What to Do After Military Service and Top 3 Resources for Veterans

Author and journalist, Sebastian Junger has notably portrayed the military career as belonging in a tribe. That tribe offered help to everyone in the army. However, when the soldiers finished the service, the absence of a unified community created a cultural shock to the veterans. Research released in the Journal of Translational Behavior Medicine gave credence to Junger’s concept.

This list provides things to do to prepare for life after military service. The list includes the top three resources for veterans like educational links and the latest veteran news to help them in transitioning to civilian life.

What to Do After Military Service and Top 3 Resources for Veterans

3 Things to Do to Prepare for Life After Military Service

1- Take the Transition Assistance Program (TAP)

Although many believe it’s a waste of time, TAP is a helpful tool that can raise consciousness for the veterans and their families regarding the situation. At a minimal level, invest the last six months of your service as full-time training if you want to be in perfect condition when you get back to civilian life. Check the latest veteran news for updated information.

2- Where are you going to live?

All the procedures made for you when you are transferring from one army facility to another are gone. You will have to make decisions for yourself now.

Things to consider include:

  • Veteran-friendly states
  • Career avenues
  • Housing expenses
  • Living costs
  • Environment

3- What are you going to do?

By establishing a plan early on, a member of the service may use accessible opportunities to get additional training while serving. Through this, you will get a career in an industry faster than preparing and schooling after discharge.

Here’s a list of websites that may assist you in transitioning to civilian life from educational resources to veteran news:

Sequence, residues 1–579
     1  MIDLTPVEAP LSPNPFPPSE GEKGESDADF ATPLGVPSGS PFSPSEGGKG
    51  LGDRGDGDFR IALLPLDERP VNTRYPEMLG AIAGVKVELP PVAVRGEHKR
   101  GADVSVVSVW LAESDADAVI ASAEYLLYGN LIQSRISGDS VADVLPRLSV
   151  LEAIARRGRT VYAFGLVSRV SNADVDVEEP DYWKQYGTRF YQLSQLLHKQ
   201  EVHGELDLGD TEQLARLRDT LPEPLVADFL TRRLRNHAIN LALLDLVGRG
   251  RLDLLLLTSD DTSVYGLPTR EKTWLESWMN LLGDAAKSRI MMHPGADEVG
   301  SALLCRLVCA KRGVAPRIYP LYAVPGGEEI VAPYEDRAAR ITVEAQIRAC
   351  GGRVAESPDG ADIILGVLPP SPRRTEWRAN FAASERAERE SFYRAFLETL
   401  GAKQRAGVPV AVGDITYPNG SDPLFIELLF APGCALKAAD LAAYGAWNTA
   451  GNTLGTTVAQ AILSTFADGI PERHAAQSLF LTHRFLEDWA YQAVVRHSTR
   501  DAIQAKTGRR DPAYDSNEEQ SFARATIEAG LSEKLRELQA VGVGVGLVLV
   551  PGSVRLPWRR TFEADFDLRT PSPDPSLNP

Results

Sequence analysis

1. U.S. Department of Veterans Affairs — G.I. Bill. It is the G.I. homepage where you can match institutions and programs, seek career guidance, and even register online for veteran assistance. You’ll also have links to official documents, press releases, and an extensive overview of the Bill itself.
  1. U.S. Department of Veterans Affairs — My Story. Explore how other new veterans thrived in every component of post-military life and learn to apply their success stories to your own. You can also share your experiences to reach out to other veterans with similar experiences.
  1. The U.S. Department of Education’s Blog — Veteran Posts. The U.S. official blog. The Department of Education has a wide range of education-related topics and encourages a healthy discourse. Filter posts to the “veterans” tag, and you will see articles providing tips on matters such as employment, education, and economic assistance.

Reintegration is linked to the introduction of dangerous habits that lead to poor health for soldiers compared to civilian counterparts. Throughout the years preceding the army discharge, veterans face substantial declines in meeting required physical activity. It includes excessive nicotine, alcohol use, and rapid weight changes according to the research completed by Team Red, White, and Blue.

Reverting to living outside the army indicates that you’re in for significant adjustments, just like you were when you joined the military. You leave behind not just a career but also a whole society and lifestyle. To many, this transition could be a lot of a challenge at a pivotal point in their lives. But with these steps and resources will better prepare you for your military to civilian life in no time!

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